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Editors’ Notes

Long before there was freak folk, there was folk made by freaks. Exhibit A: 1975’s Have Moicy, product of a bi-coastal bizarro-world supergroup comprising Peter Stampfel, founder of the Holy Modal Rounders, occasional Unholy Modal Rounder Jeffrey Frederick, renowned pork-chop eater Michael Hurley, and some like-minded fellow travelers. Together, they spent three days recording a weird little record that’s since become a minor American classic. The musicianship is loose but solid, the melodies whistle-able, the lyrics abidingly, endearingly silly: “I was cleaning my jackknife when you did appear, had to fight with you I cut off your ear,” go the four-part gospel harmonies of “Jackknife,” while the wheezy be-fiddled chorus of “Slurf Song” celebrates the joys and horrors of dining chez Hurley: “O the dishes over there, they fill me with despair.” The achingly lovely “Griselda” (since covered by Yo La Tengo), on the other hand, is untainted by lysergic whimsy, unless you count Stampfel’s grandfatherly yelp of a vocal, and the drunk and disorderly love story that is “Sweet Lucy” gets better with every listen. From Hurley’s comically lovelorn falsetto in “Fooey Fooey” to its mirror image, Frederick’s genuinely heartbroken “Weep Weep Weep,” Have Moicy is full of both emotion and eccentricity, strange jokes and stranger beauty. What, after all, made Frederick’s hamburger disappear? Like Moicy itself, it’s a koan for the ages.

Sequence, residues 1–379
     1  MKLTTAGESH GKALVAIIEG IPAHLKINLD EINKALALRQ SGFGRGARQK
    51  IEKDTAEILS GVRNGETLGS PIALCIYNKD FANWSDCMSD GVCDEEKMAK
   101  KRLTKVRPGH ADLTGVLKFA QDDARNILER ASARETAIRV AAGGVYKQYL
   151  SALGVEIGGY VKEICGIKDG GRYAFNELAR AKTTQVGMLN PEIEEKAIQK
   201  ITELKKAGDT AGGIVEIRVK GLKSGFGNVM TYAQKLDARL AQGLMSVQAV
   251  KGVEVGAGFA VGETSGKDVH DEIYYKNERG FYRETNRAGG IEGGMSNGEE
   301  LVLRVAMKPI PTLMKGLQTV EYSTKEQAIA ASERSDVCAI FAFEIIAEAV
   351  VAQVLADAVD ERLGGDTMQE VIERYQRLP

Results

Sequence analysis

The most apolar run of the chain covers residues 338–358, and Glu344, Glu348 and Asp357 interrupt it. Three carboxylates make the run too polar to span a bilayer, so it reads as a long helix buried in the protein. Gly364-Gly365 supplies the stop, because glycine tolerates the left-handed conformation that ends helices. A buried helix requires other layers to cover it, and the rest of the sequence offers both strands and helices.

Customer Reviews

Have Moicy!

One of the funniest (and finest) albums of our time. One of the ways I got my daughter to listen to something I could stand was to lie to her and swear that "Sweet Lucy" was about Lucinda Williams {whose grandfather was my dad's pastor.} I made up stories to roll along with these tunes when it was close to naptime. Maybe I should try this again with some newer creatures and see how it works.

Musical wit beyond its genre

There is a form, or school, of wisdom and wit that can be found in rare individuals and groups in many creative forms, and, I tell you, it doesn't date. This mid-70s one-off resonates with humor and musical chops to burn, and it never tires the ear, which in itself can be almost scary. Funny, insightful, salacious, and so full-of-heart, the Unholy Modals play it as if they knew full damn well they'd only get one shot while the tape was properly running. I've got the lovely vinyl edition (and am keeping it), but I'm glad this has hit iTunes for the mostly-digitized to hear and hopefully savor. In short: Recommended.

Special Music

This album was the first that caught my 9-month old son's attention :)

Customer Ratings